Is there a tattoo you’re particularly proud of?

I did one of a man’s English bulldog, and he wanted it wearing a Hawaiian shirt. Bucky the English Bulldog. It was a fun piece and he gave me a lot of artistic freedom with it, which is something I always appreciate!

You and Emily run a private studio together?

Yes! In the next two years, we’re hoping to expand, hire an assistant, we have merchandise ideas… we’ve got plans. A lot of plans.

Staten Island, NY

Owner and artist at Tiger Lily Tattoo, the first Latina/Latinx owned and operated private tattoo studio in Staten Island


What’s your favorite style to work in?

Definitely love illustrative tattoos and lettering. I know it isn’t everybody’s favorite, but I used to be a Trader Joe’s sign artist, so lettering took very quickly for me.

How would you describe your take on illustrative?

Like something you’d find in a sketchbook—black-and-grey, loose, unique, original. I’m also getting into neo-traditional work.

Is there a tattoo you’re particularly proud of?

There are so many! I’m pretty proud of sunflowers I tattooed on my own leg. I was in a bad space at the time, but I posted it on social media, and that guy over there [points to Justin Cruz, co-owner of Tiger Lily Tattoo] saw it. I became his protégé, and he’s now my business partner. We opened mid-pandemic, and we struggled, but we blossomed too—it’s been such a blessing. We’re so happy and grateful to be in business and be part of the tattoo community.

South Bend, IN


at Bicycle Tattoo & Piercing

How would you describe your style?

I specialize in blackwork, stipple-style. A lot of spooky stuff, gory anime, fun dark stuff.

Is there a tattoo you’re particularly proud of?

I really like working on larger-scale projects. My partner’s got a leg sleeve we’ve been chipping away at with obscure Dragon Ball Z references that only nerds who have rewatched and screen-shotted everything would know.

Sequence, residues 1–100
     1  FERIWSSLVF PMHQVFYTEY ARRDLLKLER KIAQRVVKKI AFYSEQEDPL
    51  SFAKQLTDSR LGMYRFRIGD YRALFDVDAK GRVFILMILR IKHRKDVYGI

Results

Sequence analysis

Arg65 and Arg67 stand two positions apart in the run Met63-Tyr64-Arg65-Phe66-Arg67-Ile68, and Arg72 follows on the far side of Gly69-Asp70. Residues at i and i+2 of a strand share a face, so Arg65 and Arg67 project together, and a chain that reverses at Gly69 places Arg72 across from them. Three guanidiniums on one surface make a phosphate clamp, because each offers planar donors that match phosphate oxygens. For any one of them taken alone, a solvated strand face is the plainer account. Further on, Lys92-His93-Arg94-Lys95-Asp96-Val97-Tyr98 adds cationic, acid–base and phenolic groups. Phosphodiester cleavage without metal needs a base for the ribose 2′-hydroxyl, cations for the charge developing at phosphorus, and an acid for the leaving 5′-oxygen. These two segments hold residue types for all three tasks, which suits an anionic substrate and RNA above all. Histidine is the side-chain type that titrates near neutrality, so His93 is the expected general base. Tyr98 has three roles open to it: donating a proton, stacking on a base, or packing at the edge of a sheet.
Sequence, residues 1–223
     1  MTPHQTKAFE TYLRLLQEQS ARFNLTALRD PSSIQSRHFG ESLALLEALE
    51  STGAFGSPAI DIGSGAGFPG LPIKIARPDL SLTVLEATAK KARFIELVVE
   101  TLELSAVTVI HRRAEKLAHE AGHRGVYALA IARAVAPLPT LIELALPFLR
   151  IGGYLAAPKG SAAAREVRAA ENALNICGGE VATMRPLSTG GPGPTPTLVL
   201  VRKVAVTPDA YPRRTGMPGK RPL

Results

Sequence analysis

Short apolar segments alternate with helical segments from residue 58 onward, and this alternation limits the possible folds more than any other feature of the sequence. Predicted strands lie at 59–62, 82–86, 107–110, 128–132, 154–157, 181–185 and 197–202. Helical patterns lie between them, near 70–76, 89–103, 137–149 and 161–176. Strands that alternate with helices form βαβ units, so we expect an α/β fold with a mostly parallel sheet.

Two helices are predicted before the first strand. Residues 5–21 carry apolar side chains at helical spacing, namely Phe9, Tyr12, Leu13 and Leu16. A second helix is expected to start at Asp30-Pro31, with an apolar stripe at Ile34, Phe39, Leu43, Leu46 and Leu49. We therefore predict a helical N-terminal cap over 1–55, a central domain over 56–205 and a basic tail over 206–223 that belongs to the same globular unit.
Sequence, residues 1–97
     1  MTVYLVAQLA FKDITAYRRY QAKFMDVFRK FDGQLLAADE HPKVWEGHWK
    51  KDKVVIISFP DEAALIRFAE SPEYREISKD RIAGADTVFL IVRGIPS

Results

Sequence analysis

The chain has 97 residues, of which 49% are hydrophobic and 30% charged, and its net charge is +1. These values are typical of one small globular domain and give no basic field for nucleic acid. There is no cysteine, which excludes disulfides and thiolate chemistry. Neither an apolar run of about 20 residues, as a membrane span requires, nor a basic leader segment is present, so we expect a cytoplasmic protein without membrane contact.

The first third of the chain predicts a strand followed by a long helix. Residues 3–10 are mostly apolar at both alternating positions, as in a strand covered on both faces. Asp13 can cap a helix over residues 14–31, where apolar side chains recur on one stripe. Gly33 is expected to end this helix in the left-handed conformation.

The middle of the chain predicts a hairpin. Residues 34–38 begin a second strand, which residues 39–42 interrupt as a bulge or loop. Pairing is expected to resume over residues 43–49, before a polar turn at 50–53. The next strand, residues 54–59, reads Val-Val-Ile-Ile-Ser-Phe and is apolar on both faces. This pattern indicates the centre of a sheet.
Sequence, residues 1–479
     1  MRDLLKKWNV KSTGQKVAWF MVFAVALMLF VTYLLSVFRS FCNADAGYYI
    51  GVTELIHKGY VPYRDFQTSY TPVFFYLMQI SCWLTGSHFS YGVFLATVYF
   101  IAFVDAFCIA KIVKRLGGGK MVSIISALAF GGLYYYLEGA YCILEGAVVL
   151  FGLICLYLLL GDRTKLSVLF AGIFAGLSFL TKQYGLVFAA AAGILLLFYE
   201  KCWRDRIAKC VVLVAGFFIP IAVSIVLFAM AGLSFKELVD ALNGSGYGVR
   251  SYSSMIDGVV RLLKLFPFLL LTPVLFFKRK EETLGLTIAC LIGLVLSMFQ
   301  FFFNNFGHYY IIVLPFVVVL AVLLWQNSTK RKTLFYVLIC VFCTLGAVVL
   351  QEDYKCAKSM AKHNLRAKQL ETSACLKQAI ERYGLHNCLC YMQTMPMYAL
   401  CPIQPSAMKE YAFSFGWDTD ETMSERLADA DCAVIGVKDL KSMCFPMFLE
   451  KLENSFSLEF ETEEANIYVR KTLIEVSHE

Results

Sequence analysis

What would surprise people about being a tattoo artist?

Before I worked in tattooing, I worked in abortion care, and there’s a surprising overlap of people trusting you to work with their bodies. You learn to handle people with care and set boundaries.

That’s incredibly beautiful. Both of those are vulnerable moments to be in.

Yeah, and bad bedside manner can really traumatize people. I don’t want to be in anyone’s business; they’ll tell me what they want me to know. I’m super awkward, though. There’s a lot of back-and-forth between my clients and me, where they express whatever they want to me, and I’m like… “Well, cool. I’m here to make you look neat.”

This is really striking a chord. I am also awkward. My novel is about an awkward tattoo artist. 

Well, perfect!

June Gervais’s debut novel Jobs for Girls with Artistic Flair is forthcoming from Pamela Dorman Books/ Viking Penguin, June 2022.  In the words of Laurie Frankel (New York Times bestselling author of This Is How It Always Is): “As if a queer, feminist, 80s coming-of-age novel weren’t enough, Jobs for Girls With Artistic Flair also introduces us to a host of interesting characters in all the shades of gray, a gathering storm of family drama, and a burgeoning tattoo scene I knew nothing about and was delighted to be (pun intended) drawn into.” Learn more at penguinrandomhouse.com.